Further, the magnetic nanorods can be used to produce thin-film liquid crystals, the orientation of which can be fixed entirely or in just selected areas by combining magnetic alignment and lithographic processes. This allows patterns of different polarizations to be created as well as control over the transmittance of polarized light in select areas.

"Such a thin film does not display visual information under normal light, but shows high contrast patterns under polarized light, making it immediately very useful for anti-counterfeit applications," Yin said. "This is not possible with commercial liquid crystals. In addition, the materials involved in our magnetic liquid crystals are made of iron oxide and silica, which are much cheaper and more eco-friendly than the commercial organic molecules-based liquid crystals."

The liquid crystals may also find applications as optical modulators— optical communication devices for controlling the amplitude, phase, polarization, propagation direction of light.

The discovery came about when Yin's lab first had the idea of using magnetic nanorods to replace rod-shaped molecules in commercial systems to produce liquid crystals that can be magnetically controlled. After looking into the literature, the research team realized that the main challenge in producing practically useful magnetic liquid crystals was in the synthesis of magnetic nanorods.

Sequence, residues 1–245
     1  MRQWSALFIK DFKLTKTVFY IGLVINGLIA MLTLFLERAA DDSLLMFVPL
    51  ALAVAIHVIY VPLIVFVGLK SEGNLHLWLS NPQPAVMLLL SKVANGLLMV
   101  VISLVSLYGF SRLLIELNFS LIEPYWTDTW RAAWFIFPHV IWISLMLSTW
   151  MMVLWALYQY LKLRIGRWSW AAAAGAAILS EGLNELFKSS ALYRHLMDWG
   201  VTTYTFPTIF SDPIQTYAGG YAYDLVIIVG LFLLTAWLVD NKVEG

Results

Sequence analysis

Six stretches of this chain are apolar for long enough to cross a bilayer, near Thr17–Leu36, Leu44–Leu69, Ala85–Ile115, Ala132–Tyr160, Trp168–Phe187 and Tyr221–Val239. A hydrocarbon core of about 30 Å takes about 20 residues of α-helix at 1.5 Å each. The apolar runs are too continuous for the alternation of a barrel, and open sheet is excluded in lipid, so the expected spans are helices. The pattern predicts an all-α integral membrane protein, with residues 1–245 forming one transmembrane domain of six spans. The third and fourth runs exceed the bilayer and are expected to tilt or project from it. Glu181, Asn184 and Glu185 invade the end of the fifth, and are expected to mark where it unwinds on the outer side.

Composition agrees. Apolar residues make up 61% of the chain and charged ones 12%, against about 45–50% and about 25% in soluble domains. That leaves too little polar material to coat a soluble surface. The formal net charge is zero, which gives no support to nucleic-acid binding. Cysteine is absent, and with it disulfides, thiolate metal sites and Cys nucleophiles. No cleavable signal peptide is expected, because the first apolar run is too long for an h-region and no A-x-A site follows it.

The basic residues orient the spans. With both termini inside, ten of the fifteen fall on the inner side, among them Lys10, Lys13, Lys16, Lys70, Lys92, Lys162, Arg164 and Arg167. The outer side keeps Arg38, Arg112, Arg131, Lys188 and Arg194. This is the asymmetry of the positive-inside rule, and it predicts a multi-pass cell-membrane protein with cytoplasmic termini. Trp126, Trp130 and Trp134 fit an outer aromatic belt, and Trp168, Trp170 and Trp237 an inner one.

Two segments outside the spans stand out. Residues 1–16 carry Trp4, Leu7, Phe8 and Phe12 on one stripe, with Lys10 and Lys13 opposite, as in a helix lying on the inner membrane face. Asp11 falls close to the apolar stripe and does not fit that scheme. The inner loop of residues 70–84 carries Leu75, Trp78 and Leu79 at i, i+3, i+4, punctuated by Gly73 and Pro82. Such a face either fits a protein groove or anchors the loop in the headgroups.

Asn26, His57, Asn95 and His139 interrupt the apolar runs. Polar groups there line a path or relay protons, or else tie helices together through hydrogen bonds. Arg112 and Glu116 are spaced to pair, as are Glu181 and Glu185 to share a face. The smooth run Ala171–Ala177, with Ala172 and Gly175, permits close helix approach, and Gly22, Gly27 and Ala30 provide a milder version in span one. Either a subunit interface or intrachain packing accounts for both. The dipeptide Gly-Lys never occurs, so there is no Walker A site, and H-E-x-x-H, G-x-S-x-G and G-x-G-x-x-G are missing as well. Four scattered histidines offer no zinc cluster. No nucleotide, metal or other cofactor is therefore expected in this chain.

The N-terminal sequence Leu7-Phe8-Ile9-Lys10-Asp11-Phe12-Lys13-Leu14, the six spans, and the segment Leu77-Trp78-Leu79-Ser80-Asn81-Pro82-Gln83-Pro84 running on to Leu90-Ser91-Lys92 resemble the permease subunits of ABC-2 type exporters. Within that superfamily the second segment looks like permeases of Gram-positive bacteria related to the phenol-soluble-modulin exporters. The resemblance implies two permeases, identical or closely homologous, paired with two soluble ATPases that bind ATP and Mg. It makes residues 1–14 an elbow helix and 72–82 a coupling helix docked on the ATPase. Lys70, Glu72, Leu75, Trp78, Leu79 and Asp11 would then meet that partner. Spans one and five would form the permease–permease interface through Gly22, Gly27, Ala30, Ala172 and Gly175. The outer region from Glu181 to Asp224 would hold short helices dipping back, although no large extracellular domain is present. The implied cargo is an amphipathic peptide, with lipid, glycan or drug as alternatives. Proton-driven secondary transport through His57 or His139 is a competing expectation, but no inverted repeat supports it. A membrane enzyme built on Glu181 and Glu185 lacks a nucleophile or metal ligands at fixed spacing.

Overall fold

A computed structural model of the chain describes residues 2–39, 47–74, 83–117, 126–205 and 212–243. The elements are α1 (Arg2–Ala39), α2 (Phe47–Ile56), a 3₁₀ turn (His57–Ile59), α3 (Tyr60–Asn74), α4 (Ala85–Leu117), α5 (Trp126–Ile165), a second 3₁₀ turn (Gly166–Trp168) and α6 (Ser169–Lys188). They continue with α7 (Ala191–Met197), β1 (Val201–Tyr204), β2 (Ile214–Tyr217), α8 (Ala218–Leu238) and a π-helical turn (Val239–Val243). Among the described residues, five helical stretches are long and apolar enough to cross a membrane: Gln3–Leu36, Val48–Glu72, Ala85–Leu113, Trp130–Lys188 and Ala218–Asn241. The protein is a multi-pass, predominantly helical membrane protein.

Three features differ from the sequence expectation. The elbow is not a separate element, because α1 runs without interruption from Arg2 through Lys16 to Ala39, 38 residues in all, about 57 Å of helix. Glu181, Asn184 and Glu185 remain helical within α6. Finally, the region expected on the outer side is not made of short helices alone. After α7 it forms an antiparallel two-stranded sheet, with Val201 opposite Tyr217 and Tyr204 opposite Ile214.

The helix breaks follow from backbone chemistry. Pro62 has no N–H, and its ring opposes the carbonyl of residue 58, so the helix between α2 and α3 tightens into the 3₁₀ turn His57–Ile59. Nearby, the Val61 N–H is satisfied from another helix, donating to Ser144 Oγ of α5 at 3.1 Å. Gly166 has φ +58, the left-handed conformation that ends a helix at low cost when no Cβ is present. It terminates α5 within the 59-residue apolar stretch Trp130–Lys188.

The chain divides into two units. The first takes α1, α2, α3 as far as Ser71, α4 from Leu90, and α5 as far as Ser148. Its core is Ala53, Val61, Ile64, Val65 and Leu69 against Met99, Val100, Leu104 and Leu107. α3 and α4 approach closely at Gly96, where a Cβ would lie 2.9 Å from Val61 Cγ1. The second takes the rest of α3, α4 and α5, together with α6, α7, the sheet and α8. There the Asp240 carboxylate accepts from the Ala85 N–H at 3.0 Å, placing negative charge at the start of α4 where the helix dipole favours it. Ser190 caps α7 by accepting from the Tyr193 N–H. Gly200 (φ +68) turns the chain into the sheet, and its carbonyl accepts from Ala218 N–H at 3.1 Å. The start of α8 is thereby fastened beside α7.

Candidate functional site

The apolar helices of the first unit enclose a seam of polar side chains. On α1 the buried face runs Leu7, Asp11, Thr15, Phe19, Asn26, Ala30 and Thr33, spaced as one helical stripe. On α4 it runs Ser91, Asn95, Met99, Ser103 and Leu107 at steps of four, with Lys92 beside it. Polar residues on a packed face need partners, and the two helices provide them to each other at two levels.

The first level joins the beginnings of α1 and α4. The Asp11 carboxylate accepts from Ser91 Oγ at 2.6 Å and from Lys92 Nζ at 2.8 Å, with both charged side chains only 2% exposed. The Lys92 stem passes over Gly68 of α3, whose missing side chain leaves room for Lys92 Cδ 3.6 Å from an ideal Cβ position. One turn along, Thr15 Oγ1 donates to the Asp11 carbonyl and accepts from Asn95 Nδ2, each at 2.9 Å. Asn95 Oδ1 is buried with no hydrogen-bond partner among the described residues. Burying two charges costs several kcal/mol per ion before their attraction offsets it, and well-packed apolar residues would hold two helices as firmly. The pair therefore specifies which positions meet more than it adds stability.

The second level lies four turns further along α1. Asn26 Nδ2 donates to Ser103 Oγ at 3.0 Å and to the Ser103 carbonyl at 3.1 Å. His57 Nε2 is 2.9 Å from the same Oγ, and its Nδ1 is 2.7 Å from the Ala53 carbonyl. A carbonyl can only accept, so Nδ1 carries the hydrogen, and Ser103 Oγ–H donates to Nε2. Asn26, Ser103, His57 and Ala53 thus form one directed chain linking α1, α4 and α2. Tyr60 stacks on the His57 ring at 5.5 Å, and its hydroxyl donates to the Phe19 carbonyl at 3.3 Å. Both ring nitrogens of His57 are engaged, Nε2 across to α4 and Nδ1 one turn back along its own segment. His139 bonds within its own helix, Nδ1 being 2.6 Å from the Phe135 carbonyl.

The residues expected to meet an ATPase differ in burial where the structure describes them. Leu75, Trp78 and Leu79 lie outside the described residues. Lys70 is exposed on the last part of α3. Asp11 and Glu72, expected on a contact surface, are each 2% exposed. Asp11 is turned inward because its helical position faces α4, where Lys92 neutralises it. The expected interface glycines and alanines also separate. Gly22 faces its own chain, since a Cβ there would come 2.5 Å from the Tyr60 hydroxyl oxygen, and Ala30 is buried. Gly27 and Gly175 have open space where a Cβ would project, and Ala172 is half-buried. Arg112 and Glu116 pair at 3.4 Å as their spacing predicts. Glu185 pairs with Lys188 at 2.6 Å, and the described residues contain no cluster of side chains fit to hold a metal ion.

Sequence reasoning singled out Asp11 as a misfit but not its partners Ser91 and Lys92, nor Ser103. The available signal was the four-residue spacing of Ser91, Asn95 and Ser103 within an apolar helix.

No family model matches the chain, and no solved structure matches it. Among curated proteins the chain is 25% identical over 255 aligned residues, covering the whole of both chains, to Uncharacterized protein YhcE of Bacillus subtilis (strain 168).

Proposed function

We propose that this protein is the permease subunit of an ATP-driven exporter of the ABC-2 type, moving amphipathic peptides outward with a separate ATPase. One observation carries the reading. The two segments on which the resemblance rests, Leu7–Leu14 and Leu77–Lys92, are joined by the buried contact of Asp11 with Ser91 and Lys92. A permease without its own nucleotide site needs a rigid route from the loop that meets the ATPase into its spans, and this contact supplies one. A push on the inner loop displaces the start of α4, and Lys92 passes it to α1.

"Prior attempts had been limited to materials with very limited magnetic responses," Yin said. "We utilized our expertise in colloidal nanostructure synthesis to produce magnetite nanorods that can form liquid crystals and respond strongly to even very weak magnetic fields – even a fridge magnet can operate our liquid crystals."


The research was supported by grants to Yin by the National Science Foundation and the U.S. Army Research Laboratory.

Yin was joined in the research by Mingsheng Wang and Le He at UCR; and Serkan Zorba at Whittier College, Calif.

The UCR Office of Technology Commercialization has filed a patent on the technology reported in the research paper.

The University of California, Riverside is a doctoral research university, a living laboratory for groundbreaking exploration of issues critical to Inland Southern California, the state and communities around the world. Reflecting California's diverse culture, UCR's enrollment has exceeded 21,000 students. The campus opened a medical school in 2013 and has reached the heart of the Coachella Valley by way of the UCR Palm Desert Center. The campus has an annual statewide economic impact of more than $1 billion. A broadcast studio with fiber cable to the AT&T Hollywood hub is available for live or taped interviews. UCR also has ISDN for radio interviews. To learn more, call (951) UCR-NEWS.

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Further reports about: UCR crystals magnetically orientation synthesis